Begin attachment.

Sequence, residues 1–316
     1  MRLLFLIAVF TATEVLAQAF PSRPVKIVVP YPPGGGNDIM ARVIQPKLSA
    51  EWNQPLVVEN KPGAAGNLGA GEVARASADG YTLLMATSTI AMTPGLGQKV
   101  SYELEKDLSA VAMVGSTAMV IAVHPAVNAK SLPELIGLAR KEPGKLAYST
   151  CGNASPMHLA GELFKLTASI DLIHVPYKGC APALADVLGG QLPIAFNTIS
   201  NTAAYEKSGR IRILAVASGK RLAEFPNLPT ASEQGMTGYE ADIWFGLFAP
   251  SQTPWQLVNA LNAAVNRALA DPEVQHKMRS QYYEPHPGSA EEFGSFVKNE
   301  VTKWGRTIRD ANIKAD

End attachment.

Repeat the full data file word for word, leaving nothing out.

Sequence, residues 1–316
     1  MRLLFLIAVF TATEVLAQAF PSRPVKIVVP YPPGGGNDIM ARVIQPKLSA
    51  EWNQPLVVEN KPGAAGNLGA GEVARASADG YTLLMATSTI AMTPGLGQKV
   101  SYELEKDLSA VAMVGSTAMV IAVHPAVNAK SLPELIGLAR KEPGKLAYST
   151  CGNASPMHLA GELFKLTASI DLIHVPYKGC APALADVLGG QLPIAFNTIS
   201  NTAAYEKSGR IRILAVASGK RLAEFPNLPT ASEQGMTGYE ADIWFGLFAP
   251  SQTPWQLVNA LNAAVNRALA DPEVQHKMRS QYYEPHPGSA EEFGSFVKNE
   301  VTKWGRTIRD ANIKAD